Intelligent Data Processing Is No Game

By Peter Coffee  |  Posted 2002-04-22 Print this article Print

Peter Coffee: Competitive pressure demands that the commercial sector now take a leadership role in developing exotic new algorithms, as well as feasible implementations of new ways to deal with data.

Programmers and hardware, taken together, form a culture that hasnt changed since the Space War game debuted in 1960 at MIT. That culture wants to take a small amount of input and do interesting tricks to produce amazing output, and its been highly successful in following that inclination: Computer games have been the most recession-resistant segment of the business. The sexy side of IT has always been more focused on computation than on data. Computer chess, once almost the definition of leading-edge computer science, only keeps track of 64 values at a time: What piece, if any, is on each square of the board? The rest is thinking, or the machine equivalent thereof, and its a lot of fun.
With instructions-per-second as the resulting measure of success, its no surprise that our IT infrastructure has grown up to be really good at various forms of arithmetic—but not so good at remembering what it did yesterday, or even five minutes ago. Weve built an enormous absent-minded professor, and only lately have we begun to talk about giving it a more durable and useful memory in the form of query-oriented file system technologies.
True, the commercial sector has enjoyed the resulting trajectory of technology: Unthinkable computational power, at equally unthinkable cost, enters the market in relatively price-insensitive realms such as defense and financial services, then works its way into mass-market applications with the necessary programming models and tools already well debugged. Microprocessor economies combine with mainframe sophistication to give us steam-engine power at a AAA-battery price. Very nice. What a shock, then, to find that competitive pressure demands that the commercial sector now take a leadership role in developing exotic new algorithms, as well as feasible implementations of new ways to deal with data. • Phrases such as "affinity analysis" and "sequence analysis" appear in press releases from companies such as Teradata, describing new facilities for predicting buyer behavior across product lines and over time. • Research into color perception leads to new ways of sorting colors and shades, streamlining inventory management for textile and apparel manufacturers. • Data-mining tools identify drug interactions with smaller numbers of experimental trials, speeding the delivery of pharmaceutical products to market. Its a combination of very abstract science and very boring storage and retrieval of information. The result is an interesting tension between two opposite trends. The technical risks are higher: We have to take on tasks before we know that they can be done at all, instead of just trying to do them in more cost-effective ways. At the same time, the engineering side of IT has become much more exacting. We have to deal with huge volumes of data, unforgiving levels of expected reliability, and a level of constant security challenge that makes Space War look like...well, like a game. E-mail eWEEK Technology Editor Peter Coffee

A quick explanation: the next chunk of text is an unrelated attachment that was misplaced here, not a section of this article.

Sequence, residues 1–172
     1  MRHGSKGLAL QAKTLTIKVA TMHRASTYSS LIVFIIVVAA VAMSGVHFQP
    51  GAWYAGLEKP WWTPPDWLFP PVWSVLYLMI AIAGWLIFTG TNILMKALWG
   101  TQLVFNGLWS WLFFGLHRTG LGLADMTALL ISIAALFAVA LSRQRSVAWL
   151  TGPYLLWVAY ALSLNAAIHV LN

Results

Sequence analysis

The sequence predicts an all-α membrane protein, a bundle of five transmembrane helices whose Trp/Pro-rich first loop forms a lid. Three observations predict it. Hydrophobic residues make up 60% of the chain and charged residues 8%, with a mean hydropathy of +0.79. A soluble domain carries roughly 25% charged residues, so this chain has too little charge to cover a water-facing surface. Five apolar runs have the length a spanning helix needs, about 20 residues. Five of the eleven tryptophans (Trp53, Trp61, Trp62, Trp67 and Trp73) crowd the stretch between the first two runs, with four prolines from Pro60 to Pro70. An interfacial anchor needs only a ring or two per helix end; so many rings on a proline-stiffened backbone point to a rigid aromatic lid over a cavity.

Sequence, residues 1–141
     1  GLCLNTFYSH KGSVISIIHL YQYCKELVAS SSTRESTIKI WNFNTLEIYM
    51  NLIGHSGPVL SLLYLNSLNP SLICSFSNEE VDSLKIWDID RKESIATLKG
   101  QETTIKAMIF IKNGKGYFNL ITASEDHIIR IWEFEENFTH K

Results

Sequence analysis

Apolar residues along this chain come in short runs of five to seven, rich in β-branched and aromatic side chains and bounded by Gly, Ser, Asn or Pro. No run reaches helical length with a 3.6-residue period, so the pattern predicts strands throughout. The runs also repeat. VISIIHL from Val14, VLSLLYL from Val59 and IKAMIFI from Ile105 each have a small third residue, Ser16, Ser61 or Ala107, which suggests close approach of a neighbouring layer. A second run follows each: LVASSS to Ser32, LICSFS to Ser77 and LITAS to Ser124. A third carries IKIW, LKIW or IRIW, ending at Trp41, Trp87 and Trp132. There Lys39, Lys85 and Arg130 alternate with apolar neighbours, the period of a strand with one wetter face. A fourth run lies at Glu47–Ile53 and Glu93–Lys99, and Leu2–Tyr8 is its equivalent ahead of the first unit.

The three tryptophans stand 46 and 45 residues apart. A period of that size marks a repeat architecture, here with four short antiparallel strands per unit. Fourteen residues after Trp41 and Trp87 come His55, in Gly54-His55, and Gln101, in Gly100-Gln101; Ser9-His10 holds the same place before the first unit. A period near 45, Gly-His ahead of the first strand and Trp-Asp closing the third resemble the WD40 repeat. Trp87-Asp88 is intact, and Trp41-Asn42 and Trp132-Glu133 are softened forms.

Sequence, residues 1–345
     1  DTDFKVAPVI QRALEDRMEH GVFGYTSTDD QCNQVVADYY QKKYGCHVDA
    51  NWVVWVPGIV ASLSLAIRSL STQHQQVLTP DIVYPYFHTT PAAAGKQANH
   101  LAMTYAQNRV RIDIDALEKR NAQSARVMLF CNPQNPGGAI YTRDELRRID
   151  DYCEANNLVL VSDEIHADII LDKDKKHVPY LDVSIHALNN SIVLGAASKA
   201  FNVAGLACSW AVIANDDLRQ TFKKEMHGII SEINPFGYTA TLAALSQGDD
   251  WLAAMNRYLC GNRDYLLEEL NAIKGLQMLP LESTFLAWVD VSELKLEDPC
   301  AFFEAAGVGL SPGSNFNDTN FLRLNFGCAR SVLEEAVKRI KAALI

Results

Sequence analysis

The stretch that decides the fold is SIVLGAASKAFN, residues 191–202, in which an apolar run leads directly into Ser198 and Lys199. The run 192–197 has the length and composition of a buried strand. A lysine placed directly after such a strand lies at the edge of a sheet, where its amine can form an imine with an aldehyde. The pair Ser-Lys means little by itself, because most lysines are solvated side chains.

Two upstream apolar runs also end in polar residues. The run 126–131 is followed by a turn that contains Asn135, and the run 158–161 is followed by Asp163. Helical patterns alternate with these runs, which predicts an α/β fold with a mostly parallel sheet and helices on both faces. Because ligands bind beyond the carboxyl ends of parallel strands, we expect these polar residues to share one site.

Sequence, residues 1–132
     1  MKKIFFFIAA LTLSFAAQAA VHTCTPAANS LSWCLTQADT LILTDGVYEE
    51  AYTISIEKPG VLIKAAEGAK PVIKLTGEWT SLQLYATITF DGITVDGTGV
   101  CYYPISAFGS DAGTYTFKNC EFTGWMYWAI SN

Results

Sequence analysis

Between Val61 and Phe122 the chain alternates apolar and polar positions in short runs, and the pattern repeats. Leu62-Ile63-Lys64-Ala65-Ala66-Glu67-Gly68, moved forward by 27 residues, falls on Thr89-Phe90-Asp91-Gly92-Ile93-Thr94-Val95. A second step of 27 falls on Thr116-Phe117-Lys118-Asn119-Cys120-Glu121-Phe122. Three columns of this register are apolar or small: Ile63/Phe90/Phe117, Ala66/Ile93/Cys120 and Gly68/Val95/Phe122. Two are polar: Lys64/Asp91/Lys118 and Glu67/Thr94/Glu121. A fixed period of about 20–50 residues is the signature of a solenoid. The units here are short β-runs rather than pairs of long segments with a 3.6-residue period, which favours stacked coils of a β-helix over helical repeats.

Peter Coffee is Director of Platform Research at, where he serves as a liaison with the developer community to define the opportunity and clarify developers' technical requirements on the company's evolving Apex Platform. Peter previously spent 18 years with eWEEK (formerly PC Week), the national news magazine of enterprise technology practice, where he reviewed software development tools and methods and wrote regular columns on emerging technologies and professional community issues.Before he began writing full-time in 1989, Peter spent eleven years in technical and management positions at Exxon and The Aerospace Corporation, including management of the latter company's first desktop computing planning team and applied research in applications of artificial intelligence techniques. He holds an engineering degree from MIT and an MBA from Pepperdine University, he has held teaching appointments in computer science, business analytics and information systems management at Pepperdine, UCLA, and Chapman College.

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